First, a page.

Young women who are treated for Hodgkin lymphoma with chestradiation therapy have a high cumulative absolute risk of developingbreast cancer later in life. This risk increases with age at end offollow-up, time since diagnosis, and radiation dose, according to a newstudy in the October 5 issue of the Journal of the National CancerInstitute.
Due to advances in the treatment of Hodgkin lymphoma,there are now many long-term survivors who are at risk for thedevelopment of secondary cancers that frequently reflect the late sideeffects of treatment. Second primary cancers are the leading cause ofdeath among long-term survivors, and breast cancer is the most commonsecondary cancer in female Hodgkin lymphoma survivors.
Toestimate the future cumulative absolute risk of breast cancer for youngwomen treated for Hodgkin lymphoma, Lois B. Travis, M.D., of theNational Cancer Institute, and colleagues analyzed data from acase-control study within an international population-based cohort of3,817 female 1-year survivors of Hodgkin lymphoma who had beendiagnosed at age 30 or younger between 1965 and 1994.
Thecumulative absolute risk of developing breast cancer increased with ageat end of follow-up, time since diagnosis, and radiation dose. Forexample, a woman who was treated for Hodgkin lymphoma at age 20 with achest radiation dose of at least 40 Gy without alkylating agents wouldhave a 0.4% risk of developing breast cancer by age 30, a 4.9% risk byage 40, and a 19.1% risk by age 50. By comparison, for white women inthe general population, the absolute risks of breast cancer from age 20to ages 30, 40, and 50 are, respectively, 0.04%, 0.5%, and 2.0%.
"However,it should always be noted that the gains in long-term survival providedby successful radiotherapy and chemotherapy outweigh the associatedrisks of breast cancer and other late sequelae. Moreover, currentmodifications in treatment will likely result in lower risks of breastcancer in the future," the authors write.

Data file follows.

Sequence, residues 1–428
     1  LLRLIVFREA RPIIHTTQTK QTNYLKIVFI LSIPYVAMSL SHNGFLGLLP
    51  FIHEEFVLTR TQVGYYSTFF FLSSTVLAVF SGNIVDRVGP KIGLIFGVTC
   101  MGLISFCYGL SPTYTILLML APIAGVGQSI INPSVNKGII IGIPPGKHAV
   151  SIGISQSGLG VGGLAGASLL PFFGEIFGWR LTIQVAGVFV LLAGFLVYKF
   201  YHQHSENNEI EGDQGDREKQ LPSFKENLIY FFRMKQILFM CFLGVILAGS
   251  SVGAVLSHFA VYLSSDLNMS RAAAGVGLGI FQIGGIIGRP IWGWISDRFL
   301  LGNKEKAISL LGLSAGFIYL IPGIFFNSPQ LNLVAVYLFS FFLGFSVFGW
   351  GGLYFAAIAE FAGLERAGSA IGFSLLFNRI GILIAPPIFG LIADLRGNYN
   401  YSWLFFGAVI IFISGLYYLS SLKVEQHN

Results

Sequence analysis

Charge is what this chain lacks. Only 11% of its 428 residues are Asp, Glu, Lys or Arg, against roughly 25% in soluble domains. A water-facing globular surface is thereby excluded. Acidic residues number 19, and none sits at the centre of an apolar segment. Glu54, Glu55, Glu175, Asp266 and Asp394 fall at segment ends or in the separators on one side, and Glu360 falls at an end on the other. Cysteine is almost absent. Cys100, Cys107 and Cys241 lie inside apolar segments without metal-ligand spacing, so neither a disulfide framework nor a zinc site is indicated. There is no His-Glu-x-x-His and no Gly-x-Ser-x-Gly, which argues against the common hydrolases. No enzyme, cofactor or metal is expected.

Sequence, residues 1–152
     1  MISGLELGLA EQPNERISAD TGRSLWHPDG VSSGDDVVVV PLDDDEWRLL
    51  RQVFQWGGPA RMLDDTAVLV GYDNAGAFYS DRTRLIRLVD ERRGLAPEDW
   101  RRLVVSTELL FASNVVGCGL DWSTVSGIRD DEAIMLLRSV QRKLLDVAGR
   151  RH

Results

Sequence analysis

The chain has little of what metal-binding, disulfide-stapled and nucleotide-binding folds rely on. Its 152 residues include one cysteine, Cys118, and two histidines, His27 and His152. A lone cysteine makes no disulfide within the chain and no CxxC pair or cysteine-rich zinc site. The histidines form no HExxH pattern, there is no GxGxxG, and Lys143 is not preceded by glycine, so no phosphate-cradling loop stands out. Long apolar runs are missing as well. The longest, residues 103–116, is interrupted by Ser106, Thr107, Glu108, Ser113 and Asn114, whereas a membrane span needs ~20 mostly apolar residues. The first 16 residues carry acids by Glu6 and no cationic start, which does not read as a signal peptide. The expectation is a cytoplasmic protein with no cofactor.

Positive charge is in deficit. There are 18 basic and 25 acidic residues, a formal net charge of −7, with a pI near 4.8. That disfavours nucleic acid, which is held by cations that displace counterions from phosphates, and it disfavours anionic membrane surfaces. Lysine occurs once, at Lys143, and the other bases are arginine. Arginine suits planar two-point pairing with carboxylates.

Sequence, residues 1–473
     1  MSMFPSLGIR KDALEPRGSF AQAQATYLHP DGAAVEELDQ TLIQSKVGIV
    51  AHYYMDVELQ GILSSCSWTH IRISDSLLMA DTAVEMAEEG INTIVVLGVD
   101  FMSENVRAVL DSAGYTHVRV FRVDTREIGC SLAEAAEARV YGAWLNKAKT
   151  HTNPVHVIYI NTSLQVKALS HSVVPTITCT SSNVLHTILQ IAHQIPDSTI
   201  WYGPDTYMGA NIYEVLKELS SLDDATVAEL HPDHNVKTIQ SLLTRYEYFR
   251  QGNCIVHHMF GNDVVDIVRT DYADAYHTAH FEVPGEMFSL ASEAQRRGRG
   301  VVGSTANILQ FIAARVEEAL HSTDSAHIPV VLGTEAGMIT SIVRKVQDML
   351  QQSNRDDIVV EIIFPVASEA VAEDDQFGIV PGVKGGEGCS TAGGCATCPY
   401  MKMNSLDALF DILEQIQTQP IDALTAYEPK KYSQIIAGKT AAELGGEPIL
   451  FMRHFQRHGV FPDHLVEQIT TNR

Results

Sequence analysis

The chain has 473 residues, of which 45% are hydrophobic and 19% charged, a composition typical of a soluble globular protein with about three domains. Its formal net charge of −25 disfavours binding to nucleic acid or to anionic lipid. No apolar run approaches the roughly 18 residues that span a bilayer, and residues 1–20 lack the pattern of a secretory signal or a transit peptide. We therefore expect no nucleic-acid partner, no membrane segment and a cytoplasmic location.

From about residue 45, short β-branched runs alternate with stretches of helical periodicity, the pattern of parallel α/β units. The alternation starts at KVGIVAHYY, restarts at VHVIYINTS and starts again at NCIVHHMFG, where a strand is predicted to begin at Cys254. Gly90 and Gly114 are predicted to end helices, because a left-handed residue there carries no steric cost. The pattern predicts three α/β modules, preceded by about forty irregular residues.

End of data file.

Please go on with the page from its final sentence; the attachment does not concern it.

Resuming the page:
In an editorial, Dan L.Longo, M.D., of the National Institute on Aging, questions thecontinued routine use of radiation therapy for the treatment of Hodgkindisease when alternative approaches, such as combination chemotherapyalone, have similar success in curing the disease without the magnitudeof late fatal complications. "We need to stop exposing women to therisk of subsequent breast cancer (and other malignancies and heartdisease) by needlessly using radiation therapy as a component of theirHodgkin disease treatment," he writes. "A Pyrrhic victory in theabsence of reasonable alternative ways to accomplish the goal can betragic but necessary; a Pyrrhic victory that could be avoided whilestill accomplishing the goal is just foolish."
#Article: Travis LB, Hill D, Dores GM, Gospodarowicz M, van Leeuwen FE,Holowaty E, et al. Cumulative Absolute Breast Cancer Risk for YoungWomen Treated for Hodgkin Lymphoma. J Natl Cancer Inst 2005;97:1428
# Editorial: Longo DL. Radiation Therapy in Hodgkin Disease: Why Risk A Pyrrhic Victory? J Natl Cancer Inst 2005;97:1394
Note:The Journal of the National Cancer Institute is published by OxfordUniversity Press and is not affiliated with the National CancerInstitute. Visit the Journal online at http://jncicancerspectrum.oxfordjournals.org/.
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